Minneapolis police responding to a mental health crisis call shot and killed a man they say was suicidal and armed on the city's North Side Friday afternoon.

Officers were called to the 3700 block of Morgan Avenue N. on a report of the suicidal man just after 2 p.m.

"An individual adult male came outside the residence armed and was subsequently shot by an officer," police spokesman John Elder said. Elder would not specify what kind of weapon the man had, but according to scanner audio, an officer reported to dispatch that "he has a knife" and "he's coming outside."

Moments later, the officer put out a call of shots fired.

Scanner traffic indicated that the man suffered a gunshot wound to the stomach. Although police initially said the victim's injuries were not critical, he later died at North Memorial Health Hospital in Robbinsdale.

No officers were injured during the encounter, Elder said, and their body cameras were on. Both officers will be placed on standard administrative leave during an investigation by the Minnesota Bureau of Criminal Apprehension.

"There is no officer that comes to work wanting to harm or kill someone during their shift," Elder said. "It's a bad situation all the way around."

The 911 caller is known to the police, he added, and authorities believe that the caller genuinely felt threatened. Elder said he was unsure whether responders tried to de-escalate the situation before firing. It's not yet clear how many officers fired a weapon, he said.

"All of our officers have had [crisis intervention] training, but there are times when you just don't have that opportunity," he said.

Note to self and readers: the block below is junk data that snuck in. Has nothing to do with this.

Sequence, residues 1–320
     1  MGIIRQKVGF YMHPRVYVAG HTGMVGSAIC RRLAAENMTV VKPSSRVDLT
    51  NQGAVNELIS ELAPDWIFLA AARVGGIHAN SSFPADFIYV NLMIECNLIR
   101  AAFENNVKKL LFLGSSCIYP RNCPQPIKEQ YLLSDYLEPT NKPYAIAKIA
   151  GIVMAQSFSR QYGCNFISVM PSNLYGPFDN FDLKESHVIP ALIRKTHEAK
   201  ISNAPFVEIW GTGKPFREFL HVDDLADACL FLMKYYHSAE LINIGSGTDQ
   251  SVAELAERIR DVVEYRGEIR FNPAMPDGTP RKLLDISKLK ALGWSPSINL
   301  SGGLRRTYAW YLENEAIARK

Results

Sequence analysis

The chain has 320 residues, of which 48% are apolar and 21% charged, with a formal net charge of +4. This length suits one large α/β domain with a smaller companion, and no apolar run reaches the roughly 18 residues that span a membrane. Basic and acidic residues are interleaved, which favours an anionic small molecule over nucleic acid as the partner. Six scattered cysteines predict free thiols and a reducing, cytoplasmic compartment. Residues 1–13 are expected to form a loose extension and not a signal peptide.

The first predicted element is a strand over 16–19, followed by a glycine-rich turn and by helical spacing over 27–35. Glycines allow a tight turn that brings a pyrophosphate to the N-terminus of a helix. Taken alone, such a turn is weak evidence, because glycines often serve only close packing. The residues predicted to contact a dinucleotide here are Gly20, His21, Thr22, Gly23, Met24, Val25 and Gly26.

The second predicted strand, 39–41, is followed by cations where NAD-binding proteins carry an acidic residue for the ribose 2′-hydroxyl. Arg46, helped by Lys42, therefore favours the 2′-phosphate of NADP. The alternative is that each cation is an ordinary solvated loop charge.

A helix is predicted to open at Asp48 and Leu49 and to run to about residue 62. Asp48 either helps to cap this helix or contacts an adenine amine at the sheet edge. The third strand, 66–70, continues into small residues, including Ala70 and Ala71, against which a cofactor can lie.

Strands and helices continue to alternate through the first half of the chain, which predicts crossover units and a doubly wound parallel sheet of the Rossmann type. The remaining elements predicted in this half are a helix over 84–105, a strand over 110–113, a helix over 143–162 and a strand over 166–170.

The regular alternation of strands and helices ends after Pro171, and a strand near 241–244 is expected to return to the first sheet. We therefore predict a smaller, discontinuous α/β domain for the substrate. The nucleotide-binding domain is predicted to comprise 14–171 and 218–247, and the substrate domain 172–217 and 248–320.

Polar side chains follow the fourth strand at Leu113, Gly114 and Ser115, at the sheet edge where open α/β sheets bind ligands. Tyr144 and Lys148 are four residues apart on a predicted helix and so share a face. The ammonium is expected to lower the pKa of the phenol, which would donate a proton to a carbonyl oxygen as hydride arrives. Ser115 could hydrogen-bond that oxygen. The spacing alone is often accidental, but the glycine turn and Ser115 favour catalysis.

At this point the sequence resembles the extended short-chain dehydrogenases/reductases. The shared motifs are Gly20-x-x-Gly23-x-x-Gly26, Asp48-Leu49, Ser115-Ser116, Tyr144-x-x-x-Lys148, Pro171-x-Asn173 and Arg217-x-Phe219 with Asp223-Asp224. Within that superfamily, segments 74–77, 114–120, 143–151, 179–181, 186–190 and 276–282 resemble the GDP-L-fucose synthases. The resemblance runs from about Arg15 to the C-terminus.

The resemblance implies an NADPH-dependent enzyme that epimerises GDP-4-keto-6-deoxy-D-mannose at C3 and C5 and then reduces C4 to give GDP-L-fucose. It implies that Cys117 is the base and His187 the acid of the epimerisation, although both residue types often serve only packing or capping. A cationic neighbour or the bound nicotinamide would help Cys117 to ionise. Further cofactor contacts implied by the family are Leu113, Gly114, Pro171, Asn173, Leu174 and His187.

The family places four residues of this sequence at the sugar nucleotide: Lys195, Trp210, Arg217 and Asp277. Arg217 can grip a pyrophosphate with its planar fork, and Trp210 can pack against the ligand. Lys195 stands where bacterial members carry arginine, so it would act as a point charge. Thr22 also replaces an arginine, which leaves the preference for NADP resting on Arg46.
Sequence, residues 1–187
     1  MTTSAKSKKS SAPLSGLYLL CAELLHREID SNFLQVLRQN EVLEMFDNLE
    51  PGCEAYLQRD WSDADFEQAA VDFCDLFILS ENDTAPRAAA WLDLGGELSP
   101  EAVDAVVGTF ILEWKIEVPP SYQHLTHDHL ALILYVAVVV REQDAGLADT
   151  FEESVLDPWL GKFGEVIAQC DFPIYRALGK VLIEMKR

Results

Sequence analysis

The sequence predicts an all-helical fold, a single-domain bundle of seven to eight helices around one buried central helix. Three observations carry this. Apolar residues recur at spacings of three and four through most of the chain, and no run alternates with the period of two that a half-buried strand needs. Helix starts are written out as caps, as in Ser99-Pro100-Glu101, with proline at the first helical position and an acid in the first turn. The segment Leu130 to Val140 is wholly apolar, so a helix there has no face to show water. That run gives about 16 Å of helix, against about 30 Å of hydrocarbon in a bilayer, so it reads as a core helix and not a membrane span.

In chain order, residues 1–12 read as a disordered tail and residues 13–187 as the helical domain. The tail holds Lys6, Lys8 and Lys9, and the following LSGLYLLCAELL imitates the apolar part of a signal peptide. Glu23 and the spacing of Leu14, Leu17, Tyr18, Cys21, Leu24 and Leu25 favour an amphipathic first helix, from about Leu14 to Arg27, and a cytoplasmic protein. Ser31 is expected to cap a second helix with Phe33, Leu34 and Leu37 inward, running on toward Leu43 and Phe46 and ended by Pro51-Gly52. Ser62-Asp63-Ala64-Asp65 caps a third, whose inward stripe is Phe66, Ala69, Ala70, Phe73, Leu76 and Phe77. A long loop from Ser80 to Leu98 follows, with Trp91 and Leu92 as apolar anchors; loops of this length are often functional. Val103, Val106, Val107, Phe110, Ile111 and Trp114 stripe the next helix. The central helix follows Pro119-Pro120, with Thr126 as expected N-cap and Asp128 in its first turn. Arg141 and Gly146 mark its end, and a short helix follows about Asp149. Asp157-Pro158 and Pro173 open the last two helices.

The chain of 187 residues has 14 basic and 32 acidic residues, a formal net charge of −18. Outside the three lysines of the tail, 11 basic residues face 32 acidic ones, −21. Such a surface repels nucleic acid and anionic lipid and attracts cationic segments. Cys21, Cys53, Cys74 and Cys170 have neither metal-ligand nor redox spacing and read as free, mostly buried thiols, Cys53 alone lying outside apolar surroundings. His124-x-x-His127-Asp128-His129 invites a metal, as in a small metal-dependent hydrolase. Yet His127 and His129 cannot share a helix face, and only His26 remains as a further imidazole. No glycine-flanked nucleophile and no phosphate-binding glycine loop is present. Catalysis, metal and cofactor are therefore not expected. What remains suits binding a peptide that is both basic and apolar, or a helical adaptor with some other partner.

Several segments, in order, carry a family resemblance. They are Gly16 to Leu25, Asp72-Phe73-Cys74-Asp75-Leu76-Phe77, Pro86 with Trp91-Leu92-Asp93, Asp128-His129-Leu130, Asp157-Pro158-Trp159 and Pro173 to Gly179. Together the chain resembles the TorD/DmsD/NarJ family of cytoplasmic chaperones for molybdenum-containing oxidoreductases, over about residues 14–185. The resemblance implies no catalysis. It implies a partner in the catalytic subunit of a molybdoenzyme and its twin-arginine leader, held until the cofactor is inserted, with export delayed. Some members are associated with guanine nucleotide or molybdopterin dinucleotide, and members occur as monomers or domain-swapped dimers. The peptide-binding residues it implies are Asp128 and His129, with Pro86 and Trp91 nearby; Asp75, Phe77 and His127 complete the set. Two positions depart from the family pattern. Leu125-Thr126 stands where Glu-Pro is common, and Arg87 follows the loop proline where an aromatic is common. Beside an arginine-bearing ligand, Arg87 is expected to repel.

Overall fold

Hours later, Minneapolis Mayor Jacob Frey pledged to continue working with Chief Medaria Arradondo to find out how the fatal shooting unfolded. He reiterated that body cameras were activated at the time.

"We know that the lives of everyone involved are forever changed and that one life was cut short," Frey said in a prepared statement. "Regardless of the information that comes forth, our city mourns a life lost and grieves with a family and community in pain."

Year's 'quiet' shattered

After the shooting, Diane Ayler, who lives one block from the shooting scene, waited anxiously on the street corner for her 7-year-old granddaughter to return home from school.

The bus driver had called to say they couldn't make it down Newton Avenue N. because the area was cordoned off with crime scene tape and that the bus would have to swing back around.

"This year was so nice and quiet," said Ayler, who has lived in the Folwell neighborhood for eight years. "All the so-called 'bad people' had moved away."

Previous years had not been so peaceful. Ayler said there was a shooting next door in 2016 and another incident that left her pickup truck riddled with bullet holes. Now, when her granddaughter plays outside, she keeps a watchful eye from the front porch.

A few minutes later, the girl bounded off the school bus and hopped in her grandma's car, clutching school photos.

Officers lifted the crime tape for another set of young schoolchildren who scurried down the block toward home.